Rebecca Brinkmann,  PhD, CHC

Rebecca Brinkmann, PhD, CHC

Dr. Rebecca Brinkmann became interested in nutrition, fitness & health after battling Lyme disease for several years.  During her treatment, she went on a quest to repair her own immune system. As a researcher, she became increasingly aware that in order to maintain a healthy lifestyle, one must take charge of their own health.  She believes this is accomplished by working with one's physician rather than being a passive consumer of health care. Rebecca earned her doctorate in communication studies and has taught in higher education for over 12 years. She earned her health consulting certification from the Dr. Sears Wellness Institute. Her interest in health includes the mind, body and spirit connection.  She became deeply interested in the spiritual aspect of one's life while she obtained her ministry certification from Catch the Fire School of Ministry in 1996.

The Bitter Side of Lyme: Relationships, Heartbreak, Abuse & Break-ups

Maybe one of these phrases sounds familiar:

"My girlfriend is so abusive to me.  She tells me I am lazy and that she hates me for becoming a 'burden' to her."
"Lyme is tearing my family a part." 
"My husband doesn't even look at me anymore. When I try and talk to him, he leaves the room."
"All of my friends have abandoned me. I feel so alone."
"My parents tell me that I am crazy and I need to be in a mental hospital. I don't understand why no one will listen to me. I am really sick!"

I have heard these words spoken many times by those who are sick with Lyme and co-infections. When you are struggling through treatment with Lyme Disease, you need support, but oftentimes, you are mislabeled, misunderstood, and sometimes even abused by others.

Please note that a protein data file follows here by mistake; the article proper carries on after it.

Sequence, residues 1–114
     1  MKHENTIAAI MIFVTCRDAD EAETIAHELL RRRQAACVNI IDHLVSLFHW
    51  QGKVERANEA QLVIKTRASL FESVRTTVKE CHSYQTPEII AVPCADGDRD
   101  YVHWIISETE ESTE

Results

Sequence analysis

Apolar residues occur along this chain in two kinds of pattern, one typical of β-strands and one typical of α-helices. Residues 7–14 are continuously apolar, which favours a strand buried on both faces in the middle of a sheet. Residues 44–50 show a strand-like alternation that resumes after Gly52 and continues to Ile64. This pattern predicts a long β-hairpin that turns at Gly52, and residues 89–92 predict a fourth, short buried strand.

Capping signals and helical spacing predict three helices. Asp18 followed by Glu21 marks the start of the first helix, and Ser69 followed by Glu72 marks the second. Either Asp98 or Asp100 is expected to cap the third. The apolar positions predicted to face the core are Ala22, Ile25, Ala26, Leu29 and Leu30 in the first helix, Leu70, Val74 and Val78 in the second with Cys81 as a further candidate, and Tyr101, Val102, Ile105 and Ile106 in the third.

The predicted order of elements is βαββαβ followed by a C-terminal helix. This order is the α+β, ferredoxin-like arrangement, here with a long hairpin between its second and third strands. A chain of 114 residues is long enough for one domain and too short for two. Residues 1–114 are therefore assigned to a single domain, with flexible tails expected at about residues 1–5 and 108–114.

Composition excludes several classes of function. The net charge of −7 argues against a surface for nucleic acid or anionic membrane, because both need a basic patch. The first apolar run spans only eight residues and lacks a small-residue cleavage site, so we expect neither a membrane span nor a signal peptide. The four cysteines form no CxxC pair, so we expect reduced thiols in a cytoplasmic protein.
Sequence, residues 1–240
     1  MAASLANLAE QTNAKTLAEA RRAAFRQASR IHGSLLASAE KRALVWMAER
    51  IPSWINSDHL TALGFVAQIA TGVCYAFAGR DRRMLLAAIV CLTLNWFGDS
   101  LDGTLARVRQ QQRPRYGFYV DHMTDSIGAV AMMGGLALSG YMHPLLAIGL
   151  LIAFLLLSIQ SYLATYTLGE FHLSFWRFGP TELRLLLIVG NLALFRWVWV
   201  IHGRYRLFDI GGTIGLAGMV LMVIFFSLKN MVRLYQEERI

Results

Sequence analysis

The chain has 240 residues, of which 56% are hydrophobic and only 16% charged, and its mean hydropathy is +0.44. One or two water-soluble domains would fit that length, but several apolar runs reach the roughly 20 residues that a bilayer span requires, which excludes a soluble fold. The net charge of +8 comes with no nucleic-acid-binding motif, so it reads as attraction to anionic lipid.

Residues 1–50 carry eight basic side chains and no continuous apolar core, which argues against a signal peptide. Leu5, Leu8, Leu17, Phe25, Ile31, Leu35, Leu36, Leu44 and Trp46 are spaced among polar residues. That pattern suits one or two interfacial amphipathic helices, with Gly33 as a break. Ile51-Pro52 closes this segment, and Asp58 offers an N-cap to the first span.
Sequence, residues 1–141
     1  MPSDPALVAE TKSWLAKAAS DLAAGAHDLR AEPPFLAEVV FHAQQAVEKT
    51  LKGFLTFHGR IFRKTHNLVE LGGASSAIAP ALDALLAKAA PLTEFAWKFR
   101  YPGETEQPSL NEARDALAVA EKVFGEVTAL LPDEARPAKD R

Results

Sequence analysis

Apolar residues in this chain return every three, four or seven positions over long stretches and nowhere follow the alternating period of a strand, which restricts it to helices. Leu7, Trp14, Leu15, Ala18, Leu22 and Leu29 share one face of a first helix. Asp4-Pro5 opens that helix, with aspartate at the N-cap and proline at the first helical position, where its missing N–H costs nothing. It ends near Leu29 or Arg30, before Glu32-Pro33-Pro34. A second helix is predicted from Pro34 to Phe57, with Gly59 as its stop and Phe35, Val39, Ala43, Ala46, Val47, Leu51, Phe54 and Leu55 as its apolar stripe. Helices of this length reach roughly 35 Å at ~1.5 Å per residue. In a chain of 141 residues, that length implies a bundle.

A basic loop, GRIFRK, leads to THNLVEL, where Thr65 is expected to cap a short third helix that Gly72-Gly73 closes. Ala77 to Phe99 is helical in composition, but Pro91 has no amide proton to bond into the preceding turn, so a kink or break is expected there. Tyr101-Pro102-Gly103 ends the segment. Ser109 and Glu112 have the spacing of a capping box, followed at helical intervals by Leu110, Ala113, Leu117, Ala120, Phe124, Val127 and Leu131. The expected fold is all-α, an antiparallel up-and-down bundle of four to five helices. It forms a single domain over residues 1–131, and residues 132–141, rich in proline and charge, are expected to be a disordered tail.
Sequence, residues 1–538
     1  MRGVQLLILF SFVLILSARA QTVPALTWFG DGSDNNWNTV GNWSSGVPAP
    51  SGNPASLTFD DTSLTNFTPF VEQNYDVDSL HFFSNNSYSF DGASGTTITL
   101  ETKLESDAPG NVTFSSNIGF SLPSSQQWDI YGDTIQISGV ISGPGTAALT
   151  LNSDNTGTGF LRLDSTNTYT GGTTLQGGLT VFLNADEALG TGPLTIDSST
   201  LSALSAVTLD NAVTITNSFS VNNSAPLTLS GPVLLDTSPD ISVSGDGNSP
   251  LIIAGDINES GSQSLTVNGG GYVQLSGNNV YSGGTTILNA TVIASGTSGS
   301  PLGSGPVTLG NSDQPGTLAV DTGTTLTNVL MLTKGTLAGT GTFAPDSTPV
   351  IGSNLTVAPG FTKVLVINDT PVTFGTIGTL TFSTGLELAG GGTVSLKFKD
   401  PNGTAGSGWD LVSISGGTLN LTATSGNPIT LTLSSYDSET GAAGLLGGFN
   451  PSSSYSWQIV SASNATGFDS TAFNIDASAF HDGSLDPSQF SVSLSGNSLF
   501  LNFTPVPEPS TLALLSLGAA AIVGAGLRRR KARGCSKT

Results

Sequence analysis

The feeling of abandonment

Intimacy within the relationship takes a hard hit from this disease and leaves a wake of brokenness in its path. Both partners become broken, their children become broken, everything just feels broken.

To be honest, I'm surprised my marriage lasted through the worst of Lyme. I don't think anyone can prepare you for the toll that it takes on you and your family. As my health continued to fail, and the doctors could find no cause for my decline, I felt abandoned by those closest to me, who began to join the chorus of, "maybe this is all in your head."  I suppose this would make sense if it had not hit me so suddenly, but I was desperately ill and knew that my body could not hold out much longer. Once I was diagnosed, many people who were on the outside could not see the day to day effects of Lyme. The truth is, people have unrealistic expectations about the length you are permitted to be sick. Partners grow weary of the unavailability of the other partner. Intimacy within the relationship takes a hard hit from this disease and leaves a wake of brokenness in its path. Both partners become broken, their children become broken, everything just feels broken.

 I felt like I was no longer the same person. My once academic brain was reduced to something very child-like and I was completely dependent. I could not read or concentrate for long periods, watch TV, make food, take care of my children, listen to music or do anything else for that matter. I was weak, my heart was racing, and any noise made me cringe like a thousand fingernails screeching down a chalkboard. I felt alone, scared and unsure of my future.